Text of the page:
Gorashi gave an impromptu concert in the AAMARP galleries in Jamaica Plain during his brief visit to Boston, playing and whistling songs he’s modernized from Sudan cultures such as the sweet, plaintive Elgubba Sufi tunes to songs revised from the cowboys of the Sudan many of whom now live in cities. He was accompanied on the electric keyboard by MUHAMMED E YONABA.

Gorashi came to music naturally; “My mom used to sing for me. Faintly I can remember her singing before I went to sleep. She had a very beautiful voice. Then she bought me a tin whistle when I was five and a harmonica, as well.

His grandfather, an important agriculturalist with vast farm lands, was not so encouraging. “When I was eight years old,” reminisced Gorashi, “my grandfather would take me for weekends to work with him in his big fruit garden. The workers had a five-sring harp they’d play. I loved their singing. One of the workers made me a rabbaba but my grandfather threw mine away. He disapproved of the life style of musicians whom he considered losers. He wanted me to be a doctor or a public health inspector such as himself.”

Despite the family patriarch’s censure, Asim’s school teachers identified his talent and pushed him to perform in school concerts. The youngster continued with his love of music taking up the oud at 13. He challenged himself by learning a piece by MOHAMMED EL AMIN, known for his difficulties in composition. In the tenth grade, a teacher took him out of physics class to the school office to play for the other teachers. “You’re not going to be a physician, you’re going to be a musician,” they told him.

Asim took the closing of his conservatory as an opportunity to travel throughout Sudan to study the music of the locals. “I would memorize, memorize, memorize. Then like a painter, I would go my own way with a song.”

The nomadic Sufis (a folk religion of the Sudanese) whose music was often about love, forgiveness, and beauty particularly intrigued Asim. He attached himself to a Sufi leader DAFAELLA EL SAIM, traveling with him. “I loved his smile,” said Asim, “I felt like he’s my real dad, my spiritual father. I feel he is talking to me telepathically. Even to today, I see him in my dreams.”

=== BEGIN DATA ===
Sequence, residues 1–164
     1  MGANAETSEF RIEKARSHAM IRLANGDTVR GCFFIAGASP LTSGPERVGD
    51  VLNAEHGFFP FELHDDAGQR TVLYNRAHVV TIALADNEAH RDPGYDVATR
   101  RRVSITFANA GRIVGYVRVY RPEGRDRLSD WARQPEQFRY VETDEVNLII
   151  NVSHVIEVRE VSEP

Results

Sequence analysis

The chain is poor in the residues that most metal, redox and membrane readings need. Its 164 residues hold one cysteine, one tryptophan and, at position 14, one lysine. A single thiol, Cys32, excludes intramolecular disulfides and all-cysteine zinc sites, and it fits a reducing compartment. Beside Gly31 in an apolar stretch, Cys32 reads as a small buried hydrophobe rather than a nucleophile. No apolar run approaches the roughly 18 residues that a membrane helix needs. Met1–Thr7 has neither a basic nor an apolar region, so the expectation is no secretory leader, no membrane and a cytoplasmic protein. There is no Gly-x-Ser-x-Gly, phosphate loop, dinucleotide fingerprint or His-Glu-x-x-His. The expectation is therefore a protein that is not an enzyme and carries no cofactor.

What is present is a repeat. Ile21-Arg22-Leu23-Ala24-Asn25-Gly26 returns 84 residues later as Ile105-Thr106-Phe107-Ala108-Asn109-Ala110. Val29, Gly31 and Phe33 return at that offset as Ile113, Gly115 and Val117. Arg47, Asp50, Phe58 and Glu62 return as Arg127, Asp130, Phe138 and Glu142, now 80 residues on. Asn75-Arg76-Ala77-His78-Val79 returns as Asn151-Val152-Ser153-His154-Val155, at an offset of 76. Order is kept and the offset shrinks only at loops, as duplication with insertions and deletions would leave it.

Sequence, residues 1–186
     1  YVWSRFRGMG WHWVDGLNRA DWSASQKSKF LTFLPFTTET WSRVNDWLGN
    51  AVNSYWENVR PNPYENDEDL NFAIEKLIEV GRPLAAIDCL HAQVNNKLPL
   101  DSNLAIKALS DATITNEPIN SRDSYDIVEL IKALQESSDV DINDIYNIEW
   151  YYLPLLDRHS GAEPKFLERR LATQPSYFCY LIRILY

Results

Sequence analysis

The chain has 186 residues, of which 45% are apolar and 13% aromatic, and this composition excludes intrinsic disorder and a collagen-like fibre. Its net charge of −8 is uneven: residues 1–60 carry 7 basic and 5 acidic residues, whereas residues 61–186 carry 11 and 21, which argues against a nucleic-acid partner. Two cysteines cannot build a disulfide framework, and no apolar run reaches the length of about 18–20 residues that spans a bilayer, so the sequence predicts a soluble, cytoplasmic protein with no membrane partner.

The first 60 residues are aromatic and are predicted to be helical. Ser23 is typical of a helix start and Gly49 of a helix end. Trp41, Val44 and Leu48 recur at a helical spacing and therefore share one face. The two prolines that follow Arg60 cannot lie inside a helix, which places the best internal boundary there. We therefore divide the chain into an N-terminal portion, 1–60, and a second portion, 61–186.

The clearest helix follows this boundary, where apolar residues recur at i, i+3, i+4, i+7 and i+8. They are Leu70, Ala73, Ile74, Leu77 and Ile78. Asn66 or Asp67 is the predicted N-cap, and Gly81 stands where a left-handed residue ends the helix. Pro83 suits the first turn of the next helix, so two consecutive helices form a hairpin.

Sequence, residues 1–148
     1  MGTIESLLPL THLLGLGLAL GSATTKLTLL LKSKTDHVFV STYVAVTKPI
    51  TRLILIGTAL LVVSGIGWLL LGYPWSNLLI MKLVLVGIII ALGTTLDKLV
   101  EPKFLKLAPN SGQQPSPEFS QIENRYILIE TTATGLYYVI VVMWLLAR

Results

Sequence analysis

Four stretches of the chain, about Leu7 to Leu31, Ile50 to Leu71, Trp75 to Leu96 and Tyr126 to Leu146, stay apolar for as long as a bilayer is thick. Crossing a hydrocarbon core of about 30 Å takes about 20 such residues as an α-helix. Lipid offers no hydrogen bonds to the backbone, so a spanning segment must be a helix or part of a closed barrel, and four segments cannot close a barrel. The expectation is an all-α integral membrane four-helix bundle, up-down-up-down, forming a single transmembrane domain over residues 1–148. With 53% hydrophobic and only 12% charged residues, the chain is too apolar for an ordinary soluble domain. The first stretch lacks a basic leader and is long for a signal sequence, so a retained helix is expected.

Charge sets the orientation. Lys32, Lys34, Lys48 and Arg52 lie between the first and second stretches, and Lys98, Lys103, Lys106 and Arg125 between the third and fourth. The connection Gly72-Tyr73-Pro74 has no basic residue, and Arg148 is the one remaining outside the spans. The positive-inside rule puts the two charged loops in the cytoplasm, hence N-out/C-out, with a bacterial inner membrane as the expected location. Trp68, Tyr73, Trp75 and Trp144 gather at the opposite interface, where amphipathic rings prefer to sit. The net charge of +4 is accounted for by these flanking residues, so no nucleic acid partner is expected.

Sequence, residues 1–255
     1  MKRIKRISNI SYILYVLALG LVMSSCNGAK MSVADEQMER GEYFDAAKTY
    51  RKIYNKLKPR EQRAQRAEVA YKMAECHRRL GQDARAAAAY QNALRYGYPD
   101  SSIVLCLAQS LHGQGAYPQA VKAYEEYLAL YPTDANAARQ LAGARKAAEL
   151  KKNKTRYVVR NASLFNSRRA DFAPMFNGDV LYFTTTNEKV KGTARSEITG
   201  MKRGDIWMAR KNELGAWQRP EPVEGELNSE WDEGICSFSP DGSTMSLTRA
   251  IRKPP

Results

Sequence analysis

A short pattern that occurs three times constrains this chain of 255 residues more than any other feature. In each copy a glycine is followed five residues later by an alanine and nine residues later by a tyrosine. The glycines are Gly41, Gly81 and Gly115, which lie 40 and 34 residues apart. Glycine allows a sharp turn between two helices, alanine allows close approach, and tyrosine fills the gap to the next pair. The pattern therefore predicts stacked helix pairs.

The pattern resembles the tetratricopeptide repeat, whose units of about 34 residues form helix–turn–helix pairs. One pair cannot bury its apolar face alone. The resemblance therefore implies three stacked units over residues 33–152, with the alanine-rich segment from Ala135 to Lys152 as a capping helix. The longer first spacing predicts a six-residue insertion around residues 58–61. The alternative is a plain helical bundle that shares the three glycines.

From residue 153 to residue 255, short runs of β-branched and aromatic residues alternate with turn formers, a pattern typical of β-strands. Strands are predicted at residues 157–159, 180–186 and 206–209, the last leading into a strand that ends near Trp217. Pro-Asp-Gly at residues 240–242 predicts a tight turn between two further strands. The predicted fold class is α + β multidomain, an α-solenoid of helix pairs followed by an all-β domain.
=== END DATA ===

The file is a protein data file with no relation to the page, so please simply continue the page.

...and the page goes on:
Asims’ CD which he recorded in his home studio in Australia playing all the instruments, singing and whistling as well, has Sudanese African inspired music and Sufi inspired music. The 9-track “Nostalgia” is available through Africanoz.com.au, a major source for music from Africans living in Australia.


by Kay Bourne
(pictured: Ran Blake and Gunther Schuller;
Photo credit: Rick Tousignant)

627 Kay Bourne Arts Report   Issue #71Forty years ago jazz went to college thanks to the New England Conservatory of Music. Founder of the Jazz Studies program, GUNTHER SCHULLER, then newly the president of the school at 290 Huntington Avenue, used his office to promote African American’s spectacular gift to the world by establishing the very first department in a conservatory (or any other American institution of high learning) devoted to a music the world loved but academia had snubbed. Previously, even the saxophone was not allowed at the school, even as a classical instrument.